Challenges Of Being A Woman Leader

Challenges Of Being A Woman Leader

Yukti Nagpal, Director, Gulshan, 0

She is heading the brand management and has achieved success in the progress of integrated marketing communications, media activities, product management, press release, web, and social media.

The number of women in leadership positions is increasing today, more than ever. This slow but steady increase in numbers indicates that women leaders are trustworthy, accountable, and powerful. Yet, in terms of gender diversity, there is plenty of space for change in boardrooms around the world. While all leadership positions have a number of challenges, it seems that some challenges are reserved only for women, especially women in leadership positions.

The challenges are everywhere along the way. It's on day one when you're coming in with your MBA, or when you are a boss. The struggles that you have as a woman are there, and every day they're there. And there are distinct obstacles when you rise, and it goes on and on. There are some bumps for men along the way, but a woman has to go through a maze. So she has to be wiser, and she has to find out how to solve these obstacles.

Traditional gender roles have advanced, but the disparity still exists. Women are expected to do more than men to prove their capabilities. Another thing that makes women vulnerable is their inability to promote themselves for what they want– in most case it is a decision they take by choice. However, women leaders have now utilized this ‘incapability to promote themselves’ in a weapon to showcase their professional capabilities’; they talk in the
language that help in uplifting the work environment from being based on ‘pacifying’ people to the one where everyone tries to ‘impress’ through efficient work.

People think of leaders as being more agentic than collective. So they think they're going to have to take over and be strong. In our traditional society, the picture is commonly shared and is much more similar to men than to women. That puts a ‘disadvantage’ on women as people unnecessarily doubt their capability to be authoritative because they are perceived to be naturally sweet.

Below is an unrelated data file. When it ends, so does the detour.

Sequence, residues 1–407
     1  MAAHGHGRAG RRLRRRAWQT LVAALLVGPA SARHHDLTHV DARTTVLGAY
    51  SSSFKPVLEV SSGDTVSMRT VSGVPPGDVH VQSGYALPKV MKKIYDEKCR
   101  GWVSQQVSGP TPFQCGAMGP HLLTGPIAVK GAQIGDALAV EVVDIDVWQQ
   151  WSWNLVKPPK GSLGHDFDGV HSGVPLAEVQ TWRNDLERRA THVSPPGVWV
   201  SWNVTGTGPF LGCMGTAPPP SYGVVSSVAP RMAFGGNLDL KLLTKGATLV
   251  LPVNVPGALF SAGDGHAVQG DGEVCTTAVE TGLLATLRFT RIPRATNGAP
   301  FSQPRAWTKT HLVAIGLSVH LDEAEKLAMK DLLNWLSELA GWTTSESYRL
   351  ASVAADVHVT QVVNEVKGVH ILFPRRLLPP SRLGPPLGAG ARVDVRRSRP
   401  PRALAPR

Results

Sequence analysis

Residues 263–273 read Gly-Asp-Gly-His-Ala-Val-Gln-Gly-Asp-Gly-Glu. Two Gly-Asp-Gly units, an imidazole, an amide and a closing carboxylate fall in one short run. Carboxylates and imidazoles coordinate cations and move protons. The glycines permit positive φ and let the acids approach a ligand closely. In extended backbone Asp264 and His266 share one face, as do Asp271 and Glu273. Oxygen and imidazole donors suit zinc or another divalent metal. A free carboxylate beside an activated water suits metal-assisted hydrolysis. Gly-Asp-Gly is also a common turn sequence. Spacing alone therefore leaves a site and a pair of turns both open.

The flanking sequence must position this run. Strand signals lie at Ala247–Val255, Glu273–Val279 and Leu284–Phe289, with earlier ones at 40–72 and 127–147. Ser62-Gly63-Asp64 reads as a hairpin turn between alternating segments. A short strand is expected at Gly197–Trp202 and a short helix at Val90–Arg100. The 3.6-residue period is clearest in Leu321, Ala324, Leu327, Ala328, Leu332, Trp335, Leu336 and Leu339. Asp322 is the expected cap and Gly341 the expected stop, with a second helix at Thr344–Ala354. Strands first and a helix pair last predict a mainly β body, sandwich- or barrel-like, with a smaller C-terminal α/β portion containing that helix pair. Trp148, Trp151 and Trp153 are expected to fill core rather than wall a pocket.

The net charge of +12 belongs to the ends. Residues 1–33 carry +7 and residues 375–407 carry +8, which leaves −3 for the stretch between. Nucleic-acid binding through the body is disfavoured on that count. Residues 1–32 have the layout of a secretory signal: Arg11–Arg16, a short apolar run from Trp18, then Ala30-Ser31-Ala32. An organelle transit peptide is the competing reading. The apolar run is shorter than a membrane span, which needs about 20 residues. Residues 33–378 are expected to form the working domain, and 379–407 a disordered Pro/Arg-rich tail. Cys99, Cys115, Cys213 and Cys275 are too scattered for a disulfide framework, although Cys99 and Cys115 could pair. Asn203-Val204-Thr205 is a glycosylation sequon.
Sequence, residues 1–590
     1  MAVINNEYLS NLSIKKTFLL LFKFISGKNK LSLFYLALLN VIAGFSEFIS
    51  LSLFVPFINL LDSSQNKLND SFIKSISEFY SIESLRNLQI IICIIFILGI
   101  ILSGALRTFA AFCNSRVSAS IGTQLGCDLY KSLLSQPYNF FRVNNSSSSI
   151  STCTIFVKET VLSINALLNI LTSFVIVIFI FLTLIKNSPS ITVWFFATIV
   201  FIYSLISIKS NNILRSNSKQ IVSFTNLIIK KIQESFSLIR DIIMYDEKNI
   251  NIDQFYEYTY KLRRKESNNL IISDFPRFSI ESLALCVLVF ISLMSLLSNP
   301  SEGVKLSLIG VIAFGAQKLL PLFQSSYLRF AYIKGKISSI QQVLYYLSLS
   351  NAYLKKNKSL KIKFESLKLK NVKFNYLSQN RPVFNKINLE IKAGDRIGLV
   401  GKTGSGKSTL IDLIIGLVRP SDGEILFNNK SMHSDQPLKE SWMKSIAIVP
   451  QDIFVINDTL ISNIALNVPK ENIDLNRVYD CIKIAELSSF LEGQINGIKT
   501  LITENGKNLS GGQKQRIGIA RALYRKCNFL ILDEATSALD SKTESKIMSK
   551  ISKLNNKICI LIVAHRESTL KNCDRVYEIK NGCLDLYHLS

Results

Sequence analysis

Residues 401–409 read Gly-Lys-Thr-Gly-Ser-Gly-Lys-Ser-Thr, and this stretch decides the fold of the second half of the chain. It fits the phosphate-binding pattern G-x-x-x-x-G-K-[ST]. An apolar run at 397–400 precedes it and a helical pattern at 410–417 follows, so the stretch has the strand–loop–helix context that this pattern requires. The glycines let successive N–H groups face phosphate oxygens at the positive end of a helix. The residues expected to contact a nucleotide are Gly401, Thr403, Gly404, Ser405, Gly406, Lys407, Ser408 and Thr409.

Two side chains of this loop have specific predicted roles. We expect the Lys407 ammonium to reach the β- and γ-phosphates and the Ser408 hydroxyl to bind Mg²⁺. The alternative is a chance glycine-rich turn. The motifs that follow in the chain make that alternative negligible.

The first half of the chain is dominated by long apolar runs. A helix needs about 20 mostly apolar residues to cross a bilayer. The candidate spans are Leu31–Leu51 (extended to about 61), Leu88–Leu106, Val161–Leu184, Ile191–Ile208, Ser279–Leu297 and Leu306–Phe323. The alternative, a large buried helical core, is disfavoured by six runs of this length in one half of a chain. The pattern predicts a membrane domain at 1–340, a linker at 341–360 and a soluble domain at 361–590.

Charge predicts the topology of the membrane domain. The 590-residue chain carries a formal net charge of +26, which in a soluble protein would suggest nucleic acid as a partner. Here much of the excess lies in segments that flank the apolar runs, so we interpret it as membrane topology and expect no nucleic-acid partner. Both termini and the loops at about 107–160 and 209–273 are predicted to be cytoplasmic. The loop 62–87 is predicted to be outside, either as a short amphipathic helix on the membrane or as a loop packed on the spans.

The perception is that a person has to be tough to take on that kind of leadership position. Women leaders have shown the way that colleagues do value decent attitude, and assertiveness coupled with decent attitude works wonders. I have, personally, experienced that colleagues expect a boss who is concerned about them and guides them with empathy while they struggle; women leaders have excelled in this trait, and I have seen the fabulous impact it has on the overall commitment of the people working with you.

Then, there are field-related expectations in which women can do better or not do better; such stereotyping is prevalent all around the world. Take for example, men were perceived to do a great job running a professional real estate business. However, things are changing, and now it is all about anyone being result-oriented. The sector is welcoming now, and nothing can deter any woman from entering the sector. Similar is the case with many other fields, but now we have numerous examples where women are leading the pack armed additionally with the soft skills that they excel in.

Women have the abilities to do what is considered outstanding. The more women do it, the more popular it will become, eventually change public opinion. But it's not going to take one or two women just to step up. They only become 'exceptions to the law' and are referred to as proof that there is no gender problem in certain instances. This is a long-term issue with a long-term solution, and in bringing change, we all need to play our part.